SINGAPORE (Reuters) - Asian liquefied natural gas (LNG) prices have reversed course and are on track to hit their highest since January, when the coronavirus pandemic first hit demand, as sweltering weather in north Asia fans demand just when supply remains constrained.
Major cities in Japan, the world’s top importer of LNG, are experiencing warmer than usual weather this month, with the weather agency issuing alerts against heatstrokes as temperatures soar to records.
As more people turn to cooling strategies, such as air-conditioning, this is expected to boost electricity demand and, in turn, prompt Japanese utilities to draw down gas inventory and possibly import more LNG, trade sources said.
“The Japanese holiday season just ended and investors are expecting electricity demand to come back this week while hot weather is also pushing prices up,” a Tokyo based LNG trader said, referring to electricity rates.
In the last two days, power prices on the Japan Electric Power Exchange have hit their highest this year.
Over the next two weeks, South Korea’s capital of Seoul is also expected to experience warmer weather than usual, data from Refinitiv Eikon showed.
Graphic - Temperatures to rise higher than average in North Asia:
An extended maintenance period at a production train at Australia’s Chevron-operated Gorgon LNG plant has curbed supply and is also supporting prices, as project off-takers could be buying cargoes in the spot market to fulfill contracts, traders added.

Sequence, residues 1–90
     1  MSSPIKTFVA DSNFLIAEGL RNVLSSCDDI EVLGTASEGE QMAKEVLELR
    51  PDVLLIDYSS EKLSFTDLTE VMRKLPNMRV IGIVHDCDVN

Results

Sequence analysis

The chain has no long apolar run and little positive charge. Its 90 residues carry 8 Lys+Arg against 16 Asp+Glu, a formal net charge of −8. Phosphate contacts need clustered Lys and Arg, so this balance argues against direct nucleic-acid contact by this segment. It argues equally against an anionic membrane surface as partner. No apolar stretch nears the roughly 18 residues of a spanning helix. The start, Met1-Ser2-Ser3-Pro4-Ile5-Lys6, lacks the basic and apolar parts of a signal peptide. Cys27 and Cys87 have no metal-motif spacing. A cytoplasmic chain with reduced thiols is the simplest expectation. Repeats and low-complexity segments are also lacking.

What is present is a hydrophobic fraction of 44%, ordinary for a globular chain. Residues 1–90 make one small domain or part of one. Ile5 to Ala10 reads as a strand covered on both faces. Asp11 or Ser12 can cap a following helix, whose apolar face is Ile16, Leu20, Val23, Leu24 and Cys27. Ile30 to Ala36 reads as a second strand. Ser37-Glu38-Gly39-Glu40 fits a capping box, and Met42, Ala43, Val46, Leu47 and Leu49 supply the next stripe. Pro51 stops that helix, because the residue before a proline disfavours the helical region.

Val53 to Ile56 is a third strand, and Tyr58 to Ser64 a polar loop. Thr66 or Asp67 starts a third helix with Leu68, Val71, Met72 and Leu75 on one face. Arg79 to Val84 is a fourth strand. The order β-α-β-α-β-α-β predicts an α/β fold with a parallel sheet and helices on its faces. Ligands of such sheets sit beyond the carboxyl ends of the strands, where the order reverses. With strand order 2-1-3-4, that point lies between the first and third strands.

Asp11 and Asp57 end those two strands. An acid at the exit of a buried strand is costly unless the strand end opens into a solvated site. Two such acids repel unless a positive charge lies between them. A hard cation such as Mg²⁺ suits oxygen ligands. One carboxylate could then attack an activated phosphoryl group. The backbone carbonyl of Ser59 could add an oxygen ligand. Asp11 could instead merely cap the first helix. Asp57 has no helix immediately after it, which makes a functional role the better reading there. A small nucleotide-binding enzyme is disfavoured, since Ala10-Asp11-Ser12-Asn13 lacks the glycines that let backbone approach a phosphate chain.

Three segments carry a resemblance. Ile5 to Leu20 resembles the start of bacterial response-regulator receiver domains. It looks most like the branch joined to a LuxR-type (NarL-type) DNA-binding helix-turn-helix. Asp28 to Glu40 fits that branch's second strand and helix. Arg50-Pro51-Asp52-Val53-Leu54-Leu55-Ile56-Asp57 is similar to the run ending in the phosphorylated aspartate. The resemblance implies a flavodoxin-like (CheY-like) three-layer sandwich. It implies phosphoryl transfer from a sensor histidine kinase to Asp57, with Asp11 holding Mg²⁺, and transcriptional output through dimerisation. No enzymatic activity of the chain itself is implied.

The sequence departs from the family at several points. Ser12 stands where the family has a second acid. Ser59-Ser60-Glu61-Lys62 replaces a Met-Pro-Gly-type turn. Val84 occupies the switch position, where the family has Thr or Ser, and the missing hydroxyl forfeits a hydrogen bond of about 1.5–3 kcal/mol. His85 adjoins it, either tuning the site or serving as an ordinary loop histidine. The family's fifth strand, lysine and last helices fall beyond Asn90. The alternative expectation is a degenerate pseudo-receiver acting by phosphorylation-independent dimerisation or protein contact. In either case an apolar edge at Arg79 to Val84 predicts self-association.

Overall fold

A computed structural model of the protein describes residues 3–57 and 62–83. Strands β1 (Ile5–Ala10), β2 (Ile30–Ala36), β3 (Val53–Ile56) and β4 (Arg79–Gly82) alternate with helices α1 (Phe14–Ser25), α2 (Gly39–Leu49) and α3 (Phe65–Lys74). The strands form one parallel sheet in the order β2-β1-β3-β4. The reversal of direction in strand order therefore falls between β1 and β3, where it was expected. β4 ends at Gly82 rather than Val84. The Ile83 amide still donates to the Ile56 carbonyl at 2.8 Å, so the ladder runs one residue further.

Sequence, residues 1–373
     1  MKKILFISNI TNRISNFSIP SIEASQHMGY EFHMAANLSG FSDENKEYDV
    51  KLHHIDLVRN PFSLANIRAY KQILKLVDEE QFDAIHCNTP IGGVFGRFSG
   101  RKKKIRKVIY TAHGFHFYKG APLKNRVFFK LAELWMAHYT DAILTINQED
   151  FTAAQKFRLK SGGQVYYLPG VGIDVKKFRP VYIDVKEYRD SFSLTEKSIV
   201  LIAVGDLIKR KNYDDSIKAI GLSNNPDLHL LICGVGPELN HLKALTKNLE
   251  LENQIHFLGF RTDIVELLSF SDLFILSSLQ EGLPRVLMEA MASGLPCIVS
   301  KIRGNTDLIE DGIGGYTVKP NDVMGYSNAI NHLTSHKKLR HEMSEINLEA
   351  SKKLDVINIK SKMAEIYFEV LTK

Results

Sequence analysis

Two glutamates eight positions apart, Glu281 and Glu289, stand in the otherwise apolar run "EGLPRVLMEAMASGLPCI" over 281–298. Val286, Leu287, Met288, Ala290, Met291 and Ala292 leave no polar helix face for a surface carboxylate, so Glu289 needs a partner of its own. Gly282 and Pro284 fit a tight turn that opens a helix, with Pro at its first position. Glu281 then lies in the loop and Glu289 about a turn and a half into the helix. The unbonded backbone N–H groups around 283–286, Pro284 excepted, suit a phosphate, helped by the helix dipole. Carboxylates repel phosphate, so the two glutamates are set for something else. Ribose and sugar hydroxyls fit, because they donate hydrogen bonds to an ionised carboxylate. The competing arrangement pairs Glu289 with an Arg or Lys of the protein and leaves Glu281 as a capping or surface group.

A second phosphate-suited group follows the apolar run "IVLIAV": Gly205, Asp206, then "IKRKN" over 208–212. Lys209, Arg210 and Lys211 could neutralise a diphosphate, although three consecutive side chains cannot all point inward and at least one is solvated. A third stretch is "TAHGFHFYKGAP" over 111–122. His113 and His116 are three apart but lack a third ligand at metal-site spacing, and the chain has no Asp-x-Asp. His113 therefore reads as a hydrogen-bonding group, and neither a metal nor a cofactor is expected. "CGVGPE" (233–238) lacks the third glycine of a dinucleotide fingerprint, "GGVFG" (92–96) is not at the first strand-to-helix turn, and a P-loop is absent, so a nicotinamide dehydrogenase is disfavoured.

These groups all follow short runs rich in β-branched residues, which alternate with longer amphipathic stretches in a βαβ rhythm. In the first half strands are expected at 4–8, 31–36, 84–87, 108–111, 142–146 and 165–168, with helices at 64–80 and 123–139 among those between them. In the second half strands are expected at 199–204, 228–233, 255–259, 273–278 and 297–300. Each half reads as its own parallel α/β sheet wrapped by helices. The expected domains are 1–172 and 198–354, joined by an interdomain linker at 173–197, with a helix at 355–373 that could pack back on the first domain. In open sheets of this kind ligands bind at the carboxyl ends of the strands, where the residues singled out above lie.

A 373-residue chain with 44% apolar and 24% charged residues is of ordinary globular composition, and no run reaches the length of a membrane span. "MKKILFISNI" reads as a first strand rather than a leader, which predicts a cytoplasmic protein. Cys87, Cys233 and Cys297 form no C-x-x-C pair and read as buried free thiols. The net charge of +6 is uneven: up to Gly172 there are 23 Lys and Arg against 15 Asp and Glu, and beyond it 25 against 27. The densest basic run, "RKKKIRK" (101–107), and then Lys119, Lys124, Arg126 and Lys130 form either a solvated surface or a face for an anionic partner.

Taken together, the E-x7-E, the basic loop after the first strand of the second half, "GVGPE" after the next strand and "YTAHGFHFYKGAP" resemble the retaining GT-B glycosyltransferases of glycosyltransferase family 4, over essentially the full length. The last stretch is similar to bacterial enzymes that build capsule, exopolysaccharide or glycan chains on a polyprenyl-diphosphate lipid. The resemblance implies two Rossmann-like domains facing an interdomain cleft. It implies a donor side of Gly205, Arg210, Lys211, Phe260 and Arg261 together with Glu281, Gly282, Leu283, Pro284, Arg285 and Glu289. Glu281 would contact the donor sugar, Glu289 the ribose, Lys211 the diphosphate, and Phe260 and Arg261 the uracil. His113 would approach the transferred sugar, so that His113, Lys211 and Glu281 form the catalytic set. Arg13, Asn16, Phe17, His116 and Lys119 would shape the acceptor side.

For instance, Australia’s Woodside Petroleum this week sold a September-loading cargo at about $3.90 per million British thermal units (mmBtu), trade sources said.
That is the highest since late January, when the World Health Organisation declared COVID-19 a public health emergency of global concern. Asian spot LNG prices on Friday were estimated to be about $3.70 per mmBtu.
Graphic - Asian spot LNG prices hit highest since late January:
“On top of Gorgon, U.S. and Europe (gas) prices are up, so that also helps to improve the price in Asia,” a Singapore-based LNG trader said. U.S. gas prices hit an eight-month high on Friday as hot weather boosts air-conditioning demand.
Still, traders expect price surges to be temporary, tapering off with the start of autumn, cooling temperatures, and as new waves of coronavirus hit the region.
In South Korea, the world’s third largest LNG importer, gas inventory levels are higher than normal despite warmer weather, a trader said, as the country battles its worst coronavirus outbreak in months.
(Interactive graphic tracking global spread of coronavirus: open tmsnrt.rs/3aIRuz7 in an external browser.)
Reporting by Jessica Jaganathan; Additional reporting by Yuka Obayashi and Aaron Sheldrick in Tokyo; Editing by Clarence Fernandez
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